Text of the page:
Attributed to: Luke Ladyman, COO and Co-founder of Cheddar
Variable Recurring Payments (VRPs) are a new technology within Open Finance. Despite being relatively unknown outside of the financial marketplace, VRPs are at the centre of an exciting conversation around frictionless payments.
This technology enables consumers to set up specific payment instructions with regulated finance apps that are used to make a series of recurring payments. VRPs have been designed to make life easier for consumers and small to medium-sized enterprises (SMEs). However, there is still room for improvement.
Limits to VRP technology
VRPs have the potential to do far more than just simplify recurring payments but unfortunately, the efficacy of VRPs is severely limited. As they stand, VRPs are only mandated for ‘sweeping’, which is a word to describe moving money automatically between an individual’s current or saving accounts.
According to the OBIE, five million people now use Open Banking in the UK. We can expect consumers to demand greater scope in VRP services, but the infrastructure to support VRP technology is just simply lacking.
The next major step in expanding the scope of this technology will be when legacy financial institutions collectively adopt and build out VRP infrastructure. At present, only a small handful of legacy banks offer VRP services to their customers which has severely limited its reach.
Unlocking the potential of VRPs
VRPs promise to unlock countless opportunities for consumers to better manage their finances, whilst simultaneously supporting companies to build out mechanisms that allow for open banking adoption. This technology has the potential to completely transform how consumers interact with financial services and SMEs.
If mandated for more than just the sweeping use case, VRPs can give consumers complete control over their monthly subscription payments for things such as mobile top-ups or gym memberships. Consumers may even set up VRPs with taxi services to automatically charge them whenever they arrive at a destination up to a certain amount.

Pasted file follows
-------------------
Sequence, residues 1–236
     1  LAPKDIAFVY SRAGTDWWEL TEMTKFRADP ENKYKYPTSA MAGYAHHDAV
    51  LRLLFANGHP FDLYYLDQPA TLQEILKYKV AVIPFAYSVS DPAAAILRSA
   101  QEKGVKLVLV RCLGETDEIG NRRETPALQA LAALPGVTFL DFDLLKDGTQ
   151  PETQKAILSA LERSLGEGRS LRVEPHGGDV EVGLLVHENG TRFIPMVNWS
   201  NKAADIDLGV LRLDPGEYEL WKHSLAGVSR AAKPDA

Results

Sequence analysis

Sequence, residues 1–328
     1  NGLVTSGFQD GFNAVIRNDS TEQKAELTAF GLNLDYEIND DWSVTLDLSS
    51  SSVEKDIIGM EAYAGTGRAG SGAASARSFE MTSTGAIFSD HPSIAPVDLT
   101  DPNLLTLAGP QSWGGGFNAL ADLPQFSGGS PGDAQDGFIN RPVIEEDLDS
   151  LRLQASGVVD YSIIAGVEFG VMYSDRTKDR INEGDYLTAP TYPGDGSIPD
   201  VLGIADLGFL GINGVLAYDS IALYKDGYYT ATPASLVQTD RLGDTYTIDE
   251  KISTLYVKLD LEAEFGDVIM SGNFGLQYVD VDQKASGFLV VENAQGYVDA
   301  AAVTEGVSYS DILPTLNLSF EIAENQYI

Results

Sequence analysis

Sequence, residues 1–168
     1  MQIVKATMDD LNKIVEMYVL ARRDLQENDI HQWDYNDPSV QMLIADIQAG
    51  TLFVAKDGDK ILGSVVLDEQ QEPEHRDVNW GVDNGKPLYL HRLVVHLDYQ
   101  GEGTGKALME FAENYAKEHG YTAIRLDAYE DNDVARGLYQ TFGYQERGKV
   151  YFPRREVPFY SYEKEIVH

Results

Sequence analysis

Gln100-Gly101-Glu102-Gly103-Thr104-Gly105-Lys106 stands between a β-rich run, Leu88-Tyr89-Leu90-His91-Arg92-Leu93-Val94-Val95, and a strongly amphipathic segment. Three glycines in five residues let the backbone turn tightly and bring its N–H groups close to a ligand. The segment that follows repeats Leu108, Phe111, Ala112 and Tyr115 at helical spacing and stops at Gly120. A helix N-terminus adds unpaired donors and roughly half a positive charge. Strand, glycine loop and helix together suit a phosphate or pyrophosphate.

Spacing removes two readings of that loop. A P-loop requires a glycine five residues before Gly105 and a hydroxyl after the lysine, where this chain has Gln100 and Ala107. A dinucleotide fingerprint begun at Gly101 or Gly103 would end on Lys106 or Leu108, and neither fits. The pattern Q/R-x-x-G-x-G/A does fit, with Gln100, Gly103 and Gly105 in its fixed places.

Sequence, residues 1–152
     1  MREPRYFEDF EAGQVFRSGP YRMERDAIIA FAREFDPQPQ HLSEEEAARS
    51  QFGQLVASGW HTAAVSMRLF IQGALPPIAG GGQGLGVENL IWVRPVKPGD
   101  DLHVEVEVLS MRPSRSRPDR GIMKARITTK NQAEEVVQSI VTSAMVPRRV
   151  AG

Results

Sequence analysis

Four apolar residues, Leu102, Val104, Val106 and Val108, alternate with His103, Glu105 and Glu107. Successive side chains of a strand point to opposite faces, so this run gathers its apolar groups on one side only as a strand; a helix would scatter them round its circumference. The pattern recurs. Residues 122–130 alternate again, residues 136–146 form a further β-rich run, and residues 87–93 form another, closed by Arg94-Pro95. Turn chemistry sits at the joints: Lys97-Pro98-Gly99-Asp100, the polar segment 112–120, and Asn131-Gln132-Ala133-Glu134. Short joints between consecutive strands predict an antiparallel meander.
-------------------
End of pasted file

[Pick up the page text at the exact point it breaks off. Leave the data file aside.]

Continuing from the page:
By expanding the scope of VRPs, consumers can enjoy hyper-personalised Open Banking experiences. And as Gen Z enters the workforce, this tailored approach will be more important than ever before. Setting payment parameters which are as easy to enforce as clicking a button will keep Gen Z happy and will give businesses access to an entirely new demographic.
Cost of living crisis
With living expenses reaching record highs for young people and working families, paying for basic utilities has become a lot more painful. At their full potential, VRPs could enable the most vulnerable in society to authorise utility providers to automatically take payments, only up to a certain amount. This would help consumers budget better for emergencies and keep up with payments.
To further cushion the effects of the crisis, consumers could also specify payment parameters to avoid any shocks to their bank accounts. This will generally lead to less errors as data is processed digitally and won’t require manual entry.
Lastly, those struggling financially will be able to automatically withdraw their consent to payments service providers (PISPs) who make the payments on their behalf. This is in contrast to credit or debit cards where consumers do not have the flexibility to automatically opt-out of transactions and cannot set specific parameters for payments.
How does this affect banks?
On the surface, the value proposition of VRPs looks to threaten certain aspects of banks’ business models. However, once you look deeper, we can see this isn’t the case – it’s actually quite the opposite.
If adopted for all use cases, VRPs can help banks significantly combat fraud as no sensitive payment information is exchanged with businesses. VRPs can act as a frontline defence with its enhanced transparency and tight controls for the consumer. PISPs can create the same experiences you get by using your debit or credit card but with the additional benefits.
By effectively addressing security concerns, banks will greatly improve customer experiences and reduce customer drop-off rates.
The future of VRP technology
We must take into consideration the current limitations of this technology as we press closer towards a completely frictionless way of banking. As things stand, the future of VRPs will rely heavily on further licensing approval from the Financial Conduct Authority (FCA) and increased approval from the Competition and Markets Authority (CMA).
If utilised effectively, VRPs can be applied across a plethora of uses to give consumers greater control over their finances as initially promised. There’s no doubt that expanding the scope of VRPs will give consumers hyper-personalised Open Banking experiences that will decrease customer drop-off rates. So, definitely watch this space!